Tyksinski said he knew a fund balance existed and that there should always be extra revenues.In that May 2012 video contained in the blog link above, you said that the library was spending down their Building Fund. Supervisor Tyksinski, if it is truly a Building Fund, wouldn't that be a restricted account? You can't spend restricted monies for just any old thing. Just like you can't use Consolidated Sewer Fund balance to cover budget shortfalls in other town funds. So, did you know they had a Building Fund that they were inappropriately using as a "slush fund"...or did you know that they had a fund balance account that probably should have been identified in their budget and used to offset some expenses for the 2013 budget to avoid having to open later on Friday which, by the way, was done absent a library board resolution?
Perhaps Supervisor Tyksinski has been left as much in the dark by the library board as Mr. Wiatr has...or perhaps he merely made those statements to save the library embarrassment regarding how they spend our tax dollars...after all, political season is just around the corner.
Instead of relying on Supervisor Tyksinski's opinion for answers, we decided to consult the library trustees "best friend", The Handbook for Library Trustees, written in 2010 by Jerry Nichols of the Palmer School of Library and Information Science, Long Island University, Brookville, New York with the assistance of the Public Library Systems Directors Organization of New York State; Library Trustees Association of New York State; and the Division of Library Development, New York State Library.
On page 34 Mr. Nichols writes:
Library boards may establish other special purpose funds for accounting and planning purposes. Monies may be transferred into and out of such funds only with formal board approval. Each such fund must be identified in the library’s annual audit and its purpose understood by every trustee.We draw your attention to specific sentences written in the above passages by Mr. Nichols:
Having acquired funds from a local government, community taxpayers or other sources, the board has an obligation to spend the money! Although a reserve fund is prudent and appropriate, the library should not hoard excessive amounts of money as a hedge against the proverbial rainy day. Local governments, voters, and donors do not give or appropriate money to the library so the board can put it away in a safe place. They are buying service from the library!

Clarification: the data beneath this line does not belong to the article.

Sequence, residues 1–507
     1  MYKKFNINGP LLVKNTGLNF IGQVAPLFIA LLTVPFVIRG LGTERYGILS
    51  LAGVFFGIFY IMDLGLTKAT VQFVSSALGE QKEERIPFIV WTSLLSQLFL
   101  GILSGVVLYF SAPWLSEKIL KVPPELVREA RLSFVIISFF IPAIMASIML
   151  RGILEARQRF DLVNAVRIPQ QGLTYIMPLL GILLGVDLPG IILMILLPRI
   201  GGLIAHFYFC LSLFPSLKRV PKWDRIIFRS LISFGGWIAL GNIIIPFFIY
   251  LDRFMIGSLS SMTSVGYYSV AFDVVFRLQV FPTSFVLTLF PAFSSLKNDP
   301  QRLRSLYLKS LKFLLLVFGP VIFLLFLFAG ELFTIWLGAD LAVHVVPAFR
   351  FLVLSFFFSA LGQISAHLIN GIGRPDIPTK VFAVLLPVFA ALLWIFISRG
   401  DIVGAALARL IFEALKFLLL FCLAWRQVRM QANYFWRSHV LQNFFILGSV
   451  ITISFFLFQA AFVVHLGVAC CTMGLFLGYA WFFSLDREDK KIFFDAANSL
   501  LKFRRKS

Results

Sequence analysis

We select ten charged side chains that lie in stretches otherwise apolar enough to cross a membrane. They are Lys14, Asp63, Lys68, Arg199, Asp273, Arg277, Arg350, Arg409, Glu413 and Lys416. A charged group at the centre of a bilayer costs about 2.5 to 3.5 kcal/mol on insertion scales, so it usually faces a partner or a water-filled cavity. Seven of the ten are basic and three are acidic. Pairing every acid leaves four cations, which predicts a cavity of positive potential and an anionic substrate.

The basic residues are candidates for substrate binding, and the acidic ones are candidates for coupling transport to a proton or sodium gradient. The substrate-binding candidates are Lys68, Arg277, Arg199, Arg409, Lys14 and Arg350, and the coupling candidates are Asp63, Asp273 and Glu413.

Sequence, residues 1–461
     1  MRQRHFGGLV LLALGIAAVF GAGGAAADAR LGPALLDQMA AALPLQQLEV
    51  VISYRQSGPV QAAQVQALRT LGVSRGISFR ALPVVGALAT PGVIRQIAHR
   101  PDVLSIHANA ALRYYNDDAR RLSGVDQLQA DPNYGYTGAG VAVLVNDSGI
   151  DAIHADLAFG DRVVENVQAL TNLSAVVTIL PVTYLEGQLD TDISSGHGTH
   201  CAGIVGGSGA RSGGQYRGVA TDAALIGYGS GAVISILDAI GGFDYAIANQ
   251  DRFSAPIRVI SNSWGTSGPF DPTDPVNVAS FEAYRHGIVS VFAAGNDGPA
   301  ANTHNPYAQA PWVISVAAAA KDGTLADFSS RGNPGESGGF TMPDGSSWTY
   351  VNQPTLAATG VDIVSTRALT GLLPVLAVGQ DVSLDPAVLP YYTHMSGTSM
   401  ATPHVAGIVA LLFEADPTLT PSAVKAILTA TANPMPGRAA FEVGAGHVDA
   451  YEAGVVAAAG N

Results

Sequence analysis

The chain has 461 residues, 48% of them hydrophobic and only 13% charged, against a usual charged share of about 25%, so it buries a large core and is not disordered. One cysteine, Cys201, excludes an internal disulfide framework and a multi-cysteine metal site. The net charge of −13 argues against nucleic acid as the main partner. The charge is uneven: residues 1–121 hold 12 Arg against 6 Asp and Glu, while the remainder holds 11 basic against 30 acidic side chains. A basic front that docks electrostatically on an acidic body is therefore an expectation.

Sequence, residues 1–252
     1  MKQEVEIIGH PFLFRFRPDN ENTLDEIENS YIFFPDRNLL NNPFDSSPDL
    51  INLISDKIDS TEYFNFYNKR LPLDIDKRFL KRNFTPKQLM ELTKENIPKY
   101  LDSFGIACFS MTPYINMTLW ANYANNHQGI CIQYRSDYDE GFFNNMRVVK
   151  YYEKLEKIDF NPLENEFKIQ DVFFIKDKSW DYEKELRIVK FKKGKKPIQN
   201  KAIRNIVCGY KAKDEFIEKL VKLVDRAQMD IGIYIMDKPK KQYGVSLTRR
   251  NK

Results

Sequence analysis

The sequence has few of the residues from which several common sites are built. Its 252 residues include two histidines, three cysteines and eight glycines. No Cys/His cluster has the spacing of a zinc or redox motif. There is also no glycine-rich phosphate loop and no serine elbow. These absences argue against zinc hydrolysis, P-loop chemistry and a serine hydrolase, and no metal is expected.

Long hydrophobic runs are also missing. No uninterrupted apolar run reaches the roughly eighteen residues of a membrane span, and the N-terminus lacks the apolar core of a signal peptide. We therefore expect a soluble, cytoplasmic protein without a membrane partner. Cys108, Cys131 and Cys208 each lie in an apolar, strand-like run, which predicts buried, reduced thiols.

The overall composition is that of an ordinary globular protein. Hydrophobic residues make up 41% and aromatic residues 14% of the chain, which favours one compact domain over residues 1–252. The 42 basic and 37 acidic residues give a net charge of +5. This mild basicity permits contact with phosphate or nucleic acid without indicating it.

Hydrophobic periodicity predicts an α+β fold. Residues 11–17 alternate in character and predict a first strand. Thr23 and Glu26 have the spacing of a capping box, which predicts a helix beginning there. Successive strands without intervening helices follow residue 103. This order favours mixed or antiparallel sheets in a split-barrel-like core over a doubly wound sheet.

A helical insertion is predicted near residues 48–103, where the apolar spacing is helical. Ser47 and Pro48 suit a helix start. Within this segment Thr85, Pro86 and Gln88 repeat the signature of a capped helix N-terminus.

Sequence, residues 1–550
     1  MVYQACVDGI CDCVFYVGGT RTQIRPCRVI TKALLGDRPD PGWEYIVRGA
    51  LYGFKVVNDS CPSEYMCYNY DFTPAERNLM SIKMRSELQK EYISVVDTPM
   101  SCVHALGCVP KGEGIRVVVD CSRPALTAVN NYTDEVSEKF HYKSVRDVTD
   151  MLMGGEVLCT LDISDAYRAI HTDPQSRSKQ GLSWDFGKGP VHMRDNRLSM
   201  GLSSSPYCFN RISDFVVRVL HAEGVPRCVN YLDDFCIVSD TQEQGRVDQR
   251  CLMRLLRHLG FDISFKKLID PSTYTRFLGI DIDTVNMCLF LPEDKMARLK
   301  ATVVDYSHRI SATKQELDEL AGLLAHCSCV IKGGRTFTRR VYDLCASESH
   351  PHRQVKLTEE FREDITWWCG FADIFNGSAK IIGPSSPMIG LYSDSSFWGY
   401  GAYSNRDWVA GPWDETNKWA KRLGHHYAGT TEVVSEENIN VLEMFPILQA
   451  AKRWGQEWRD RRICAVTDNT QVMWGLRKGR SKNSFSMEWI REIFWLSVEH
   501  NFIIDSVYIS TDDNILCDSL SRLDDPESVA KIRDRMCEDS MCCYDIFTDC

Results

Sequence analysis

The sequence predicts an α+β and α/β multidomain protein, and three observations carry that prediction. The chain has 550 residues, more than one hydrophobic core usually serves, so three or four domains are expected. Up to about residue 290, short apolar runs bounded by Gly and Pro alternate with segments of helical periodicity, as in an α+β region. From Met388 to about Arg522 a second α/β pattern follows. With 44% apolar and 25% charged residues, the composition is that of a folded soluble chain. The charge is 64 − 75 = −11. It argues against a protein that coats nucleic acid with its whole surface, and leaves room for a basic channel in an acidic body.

- Monies may be transferred into and out of such funds only with formal board approval.
Perhaps if there were formal board approvals as money is being transferred from account to account, Mr. Wiatr wouldn't have been so surprised!
- Each such fund must be identified in the library’s annual audit and its purpose understood by every trustee.
The library has never been audited and the compilations that have been done each year are just that...a bunch of numbers provided to Mr. Dreimiller by the library which Mr. Dreimiller "compiles" to make them resemble financial statements. The compilations do not have any notes attached as is customary with a financial audit and it is near impossible to tell how much money the library may be sitting on let alone what fund it is held in.
The town has hired D'Arcangelo and Co. to audit the library for 2012. According to Earl Cunningham, they will be on site to do the audit in February.
- Although a reserve fund is prudent and appropriate, the library should not hoard excessive amounts of money as a hedge against the proverbial rainy day.
Is the $100,000 really a reserve fund or a fund balance? If it's a reserve fund than when did the board vote to create it; when do they plan to spend it; and what do they plan to spend it on?
However, if it is really a fund balance, is 20% of your current operating expenses too much to set aside for a "rainy day"? It appears to be unusually high especially given the above passage from Mr. Nichols. However, that should be a discussion at the library board table. The first step is to acknowledge to ALL board members ALL funds that exist to include their history, the balance of each fund, and where the money is deposited.